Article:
America's Crisis Election

Both John McCain and Barack Obama possess impressive hard-power political and organizational skills, which is what got them where they are today. But when it comes to the soft power skills of emotional intelligence, vision, and communication, Obama outranks McCain, though whether that will sway American voters wary of financial turmoil remains to be seen.

CAMBRIDGE – On November 4, Americans will elect their 44th president amidst the worst financial turmoil the country has known since the onset of the Great Depression in 1929.  Both candidates are United States senators with little experience as executives, so their ability to manage the crisis has become a central issue in the election.

At the beginning of the campaign, many observers predicted that Iraq would be the major issue in 2008. Instead, it is the financial crisis. In principle, this should help Barack Obama and the Democrats, because polls show them stronger on economic issues, whereas Republicans and John McCain do better on security issues. After the Republican convention, polls showed McCain ahead in early September, but after the financial meltdown, Obama took the lead.

Although both men have warily embraced the $700 billion bailout of the financial sector, the contrasts between the two men are sharp. Obama is not only the first African-American nominee of a major party, but also one of the youngest candidates ever. McCain has experience as a naval aviator and more than two decades in the Senate. If elected, he would be the oldest incoming president.

To continue reading, please log in or enter your email address.

Registration is quick and easy and requires only your email address. If you already have an account with us, please log in. Or subscribe now for unlimited access.

required

Log in

http://prosyn.org/FsBTwZi;
  1. Patrick Kovarik/Getty Images

    The Summit of Climate Hopes

    Presidents, prime ministers, and policymakers gather in Paris today for the One Planet Summit. But with no senior US representative attending, is the 2015 Paris climate agreement still viable?

  2. Trump greets his supporters The Washington Post/Getty Images

    Populist Plutocracy and the Future of America

    • In the first year of his presidency, Donald Trump has consistently sold out the blue-collar, socially conservative whites who brought him to power, while pursuing policies to enrich his fellow plutocrats. 

    • Sooner or later, Trump's core supporters will wake up to this fact, so it is worth asking how far he might go to keep them on his side.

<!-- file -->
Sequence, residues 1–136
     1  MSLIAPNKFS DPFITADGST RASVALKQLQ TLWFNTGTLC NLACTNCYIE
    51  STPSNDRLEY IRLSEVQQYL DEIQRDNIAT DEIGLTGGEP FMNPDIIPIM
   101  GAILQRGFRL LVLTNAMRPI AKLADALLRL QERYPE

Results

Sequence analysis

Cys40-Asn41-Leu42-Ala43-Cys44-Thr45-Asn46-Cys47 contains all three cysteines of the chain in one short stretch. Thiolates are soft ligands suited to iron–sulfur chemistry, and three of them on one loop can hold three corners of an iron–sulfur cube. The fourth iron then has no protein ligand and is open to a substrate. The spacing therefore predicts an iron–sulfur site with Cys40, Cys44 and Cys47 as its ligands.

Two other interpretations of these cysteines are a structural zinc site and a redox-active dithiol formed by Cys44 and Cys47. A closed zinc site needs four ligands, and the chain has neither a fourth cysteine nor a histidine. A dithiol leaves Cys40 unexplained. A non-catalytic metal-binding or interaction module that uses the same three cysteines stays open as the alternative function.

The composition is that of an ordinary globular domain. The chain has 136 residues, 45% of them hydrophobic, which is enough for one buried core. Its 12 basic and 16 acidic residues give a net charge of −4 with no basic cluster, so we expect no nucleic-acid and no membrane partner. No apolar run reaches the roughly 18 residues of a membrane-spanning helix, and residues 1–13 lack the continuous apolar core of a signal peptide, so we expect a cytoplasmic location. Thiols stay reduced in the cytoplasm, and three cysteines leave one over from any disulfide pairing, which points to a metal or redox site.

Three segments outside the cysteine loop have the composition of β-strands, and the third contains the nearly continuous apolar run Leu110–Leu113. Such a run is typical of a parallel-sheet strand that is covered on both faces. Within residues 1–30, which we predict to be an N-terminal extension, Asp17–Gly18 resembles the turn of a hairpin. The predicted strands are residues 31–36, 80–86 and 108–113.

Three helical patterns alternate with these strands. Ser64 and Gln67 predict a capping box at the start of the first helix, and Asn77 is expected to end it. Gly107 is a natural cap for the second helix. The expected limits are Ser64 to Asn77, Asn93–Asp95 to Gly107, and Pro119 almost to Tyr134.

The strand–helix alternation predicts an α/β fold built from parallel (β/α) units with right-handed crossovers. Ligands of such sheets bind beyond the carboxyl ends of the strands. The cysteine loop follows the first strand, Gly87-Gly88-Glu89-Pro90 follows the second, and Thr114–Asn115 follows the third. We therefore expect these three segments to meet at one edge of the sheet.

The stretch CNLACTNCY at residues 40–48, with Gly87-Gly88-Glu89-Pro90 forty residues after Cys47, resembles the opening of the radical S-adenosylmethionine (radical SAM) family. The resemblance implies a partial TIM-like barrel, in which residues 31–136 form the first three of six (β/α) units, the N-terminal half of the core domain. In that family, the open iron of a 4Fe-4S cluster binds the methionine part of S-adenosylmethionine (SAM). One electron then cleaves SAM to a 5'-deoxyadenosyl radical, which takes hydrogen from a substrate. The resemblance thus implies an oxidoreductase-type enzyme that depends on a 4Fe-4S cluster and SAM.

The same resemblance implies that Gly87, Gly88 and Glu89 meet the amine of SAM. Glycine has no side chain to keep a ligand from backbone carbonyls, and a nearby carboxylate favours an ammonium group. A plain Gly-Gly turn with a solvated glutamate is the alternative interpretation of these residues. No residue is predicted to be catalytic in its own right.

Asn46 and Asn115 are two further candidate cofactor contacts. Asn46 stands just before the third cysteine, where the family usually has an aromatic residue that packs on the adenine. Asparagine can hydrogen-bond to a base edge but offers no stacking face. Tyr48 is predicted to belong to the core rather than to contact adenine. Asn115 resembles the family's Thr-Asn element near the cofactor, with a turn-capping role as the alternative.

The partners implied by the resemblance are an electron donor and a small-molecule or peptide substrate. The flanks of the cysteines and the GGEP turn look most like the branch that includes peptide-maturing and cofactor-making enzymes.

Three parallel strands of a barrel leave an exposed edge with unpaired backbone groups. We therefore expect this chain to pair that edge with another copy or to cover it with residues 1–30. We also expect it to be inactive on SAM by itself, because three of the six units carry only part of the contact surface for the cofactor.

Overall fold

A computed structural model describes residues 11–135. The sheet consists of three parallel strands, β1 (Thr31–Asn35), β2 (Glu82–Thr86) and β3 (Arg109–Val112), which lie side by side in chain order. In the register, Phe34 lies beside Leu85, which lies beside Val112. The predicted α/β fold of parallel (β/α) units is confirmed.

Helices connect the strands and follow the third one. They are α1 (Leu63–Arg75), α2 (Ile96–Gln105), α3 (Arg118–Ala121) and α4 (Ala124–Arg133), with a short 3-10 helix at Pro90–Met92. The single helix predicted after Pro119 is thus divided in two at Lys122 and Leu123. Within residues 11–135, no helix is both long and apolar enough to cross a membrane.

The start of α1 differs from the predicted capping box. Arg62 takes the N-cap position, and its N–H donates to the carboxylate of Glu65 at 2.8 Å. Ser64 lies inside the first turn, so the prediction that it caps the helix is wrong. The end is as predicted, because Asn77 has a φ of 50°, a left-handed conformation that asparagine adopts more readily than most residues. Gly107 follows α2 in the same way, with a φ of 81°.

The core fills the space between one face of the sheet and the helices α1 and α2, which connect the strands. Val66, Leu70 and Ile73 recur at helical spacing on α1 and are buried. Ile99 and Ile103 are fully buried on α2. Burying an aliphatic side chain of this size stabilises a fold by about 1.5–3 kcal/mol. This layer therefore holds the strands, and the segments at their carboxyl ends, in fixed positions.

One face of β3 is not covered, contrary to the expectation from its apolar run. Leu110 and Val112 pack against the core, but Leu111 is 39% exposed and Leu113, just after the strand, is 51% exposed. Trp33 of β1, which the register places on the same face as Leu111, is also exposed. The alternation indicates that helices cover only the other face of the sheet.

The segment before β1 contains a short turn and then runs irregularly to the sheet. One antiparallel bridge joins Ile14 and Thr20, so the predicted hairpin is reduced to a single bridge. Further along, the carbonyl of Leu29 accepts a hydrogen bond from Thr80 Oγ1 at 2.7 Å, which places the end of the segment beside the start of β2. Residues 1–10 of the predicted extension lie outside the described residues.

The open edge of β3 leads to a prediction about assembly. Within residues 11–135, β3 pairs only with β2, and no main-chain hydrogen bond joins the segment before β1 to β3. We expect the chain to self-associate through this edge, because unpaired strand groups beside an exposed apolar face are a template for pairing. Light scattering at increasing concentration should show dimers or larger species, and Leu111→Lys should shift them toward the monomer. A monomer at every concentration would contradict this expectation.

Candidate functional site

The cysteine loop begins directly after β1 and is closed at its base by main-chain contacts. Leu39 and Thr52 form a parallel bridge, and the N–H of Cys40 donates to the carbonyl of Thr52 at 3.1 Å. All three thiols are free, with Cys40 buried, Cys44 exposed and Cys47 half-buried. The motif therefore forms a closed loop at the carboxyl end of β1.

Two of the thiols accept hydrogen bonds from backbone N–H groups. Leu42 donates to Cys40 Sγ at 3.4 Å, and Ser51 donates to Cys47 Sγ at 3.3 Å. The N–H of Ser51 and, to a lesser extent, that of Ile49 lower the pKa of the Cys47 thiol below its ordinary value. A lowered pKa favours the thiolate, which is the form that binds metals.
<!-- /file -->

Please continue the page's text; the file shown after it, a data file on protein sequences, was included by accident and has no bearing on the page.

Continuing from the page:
3. Agents are bidding on at the auction of Leonardo da Vinci's 'Salvator Mundi' Eduardo Munoz Alvarez/Getty Images

    The Man Who Didn’t Save the World

    A Saudi prince has been revealed to be the buyer of Leonardo da Vinci's "Salvator Mundi," for which he spent $450.3 million. Had he given the money to the poor, as the subject of the painting instructed another rich man, he could have restored eyesight to nine million people, or enabled 13 million families to grow 50% more food.

  4.  An inside view of the 'AknRobotics' Anadolu Agency/Getty Images

    Two Myths About Automation

    While many people believe that technological progress and job destruction are accelerating dramatically, there is no evidence of either trend. In reality, total factor productivity, the best summary measure of the pace of technical change, has been stagnating since 2005 in the US and across the advanced-country world.

  5. A student shows a combo pictures of three dictators, Austrian born Hitler, Castro and Stalin with Viktor Orban Attila Kisbenedek/Getty Images

    The Hungarian Government’s Failed Campaign of Lies

    The Hungarian government has released the results of its "national consultation" on what it calls the "Soros Plan" to flood the country with Muslim migrants and refugees. But no such plan exists, only a taxpayer-funded propaganda campaign to help a corrupt administration deflect attention from its failure to fulfill Hungarians’ aspirations.

  6. Project Syndicate

    DEBATE: Should the Eurozone Impose Fiscal Union?

    French President Emmanuel Macron wants European leaders to appoint a eurozone finance minister as a way to ensure the single currency's long-term viability. But would it work, and, more fundamentally, is it necessary?

  7. The Year Ahead 2018

    The world’s leading thinkers and policymakers examine what’s come apart in the past year, and anticipate what will define the year ahead.

    Order now